By David Asia
“The universe is made of stories, not of atoms.”
The Speed of Darkness, 1968
We love to tell stories.
When we can’t tell them aloud, we tell them to ourselves, quietly, in our heads, stories welded together by repetition until the map we have created in our heads begins to breathe on its own.
When things don’t fit, we make them fit: smoothing their edges, diminishing a rogue detail here or there, embellishing another, until it slides seamlessly into place alongside the others. And we don’t stop in the middle. We tell each story through, time after time, to the same, satisfying end.
Some call this making sense of the world. Others consider it delusional. Some end their lives in order to finally come to the end of the narrative, while others flush their meds, risking sanction, in order to keep telling it. Some stories are of little consequence, others incinerate continents.
We are especially fond of telling stories about traumatic events, like a school shooting. Our need to make sense of an inherently senseless event like this is compulsive: the shooter (and when did 14-year-olds become shooters in our stories?) was bullied, abused at home, was mentally ill, on drugs, was mentally ill and on drugs, jilted by a girlfriend, culturally conflicted, et cetera, et cetera.
There are as many probable explanations of such terrible events as there are maps of the world. And each of them has the heft of sense.
But none of them explains anything. They are, instead, small, but continuing attempts to place periods at the end of the dissonant sentences which intrude on our otherwise congratulatory myth making.
When the evening is done, however, before we wander back into our gated, mental territories, we need to take a cleaning breath and acknowledge some rough and tumble truths:
None of us, in life, will ever stop telling ourselves stories.
None of us can ever pay nearly enough attention to one another.
And, the availability of guns makes the rage or despair roiling up in each of our stories much more lethal.
Don’t get me wrong. We have been far too oblivious to real time and virtual bullying in our institutional lives. We are far too tolerant of child abuse and completely blind to the family histories and sociologies which perpetuate it generation after generation. Our failure as a society to provide free mental health and substance abuse treatment on demand is wasteful, dangerous, and could be considered criminal if it weren’t so blatantly stupid. Each of us has the capacity to be self centered and cruel at some point(s) in our lives. And there is still a thick, mean streak in American discourse that feeds on blaming the victims for their own powerlessness and oppression.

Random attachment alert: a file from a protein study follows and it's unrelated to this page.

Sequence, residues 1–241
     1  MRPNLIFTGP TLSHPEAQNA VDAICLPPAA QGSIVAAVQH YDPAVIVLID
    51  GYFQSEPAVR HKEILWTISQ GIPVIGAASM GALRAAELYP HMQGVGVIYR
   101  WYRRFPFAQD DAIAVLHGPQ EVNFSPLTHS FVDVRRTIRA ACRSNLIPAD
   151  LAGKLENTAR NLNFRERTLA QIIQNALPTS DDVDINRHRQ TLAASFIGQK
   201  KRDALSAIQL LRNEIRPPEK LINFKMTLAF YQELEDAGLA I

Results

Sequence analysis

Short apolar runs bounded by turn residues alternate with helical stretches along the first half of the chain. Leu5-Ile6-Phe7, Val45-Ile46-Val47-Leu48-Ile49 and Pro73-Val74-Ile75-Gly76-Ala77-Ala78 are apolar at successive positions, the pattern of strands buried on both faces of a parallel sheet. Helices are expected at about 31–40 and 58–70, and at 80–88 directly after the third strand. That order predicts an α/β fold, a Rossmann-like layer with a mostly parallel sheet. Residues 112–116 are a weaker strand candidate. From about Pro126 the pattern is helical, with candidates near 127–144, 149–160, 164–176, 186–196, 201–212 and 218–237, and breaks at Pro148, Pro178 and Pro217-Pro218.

Truth be told, we are not a civilization that strives to pay very close attention to these things, even after a headline grabs us by the neck and throttles the air out of our lungs. Well, maybe for a day or two …
Nor are we a people who strive to pay very close attention to one another. We think we do, of course (such beliefs are fundamental to any culture’s collective narrative). But our lives are too noisy, too full of surface clutter, and all in all, managed too comprehensively by forces over which we have chosen to surrender control.
And guns? Well, it may be that guns don’t kill people. But they certainly make every person’s anguish easily more lethal, not only to themselves, but also to the three or four of us hanging around the cafeteria at 12:17 p.m. on that particular day.
In this reality, there is little we can do about any of this, especially (and most distressingly) about guns — they have become one of the few remaining totemic objects in an increasingly secular and blurry world. For many of us, regardless of place, the more blurry the world, the more sacred the guns.
Wait a minute, you say. I thought we were supposed to resist trying to make sense of the senseless, and here you are trying to do that very thing …
But, regardless of how unhappy it makes you, or me, for that matter, the world is not flat. And neither I, nor the weight of all of the carefully fabricated denial in the universe, however artful, can make it so.
Some things, fortunately or not, just are.
David Asia lives in Twisp.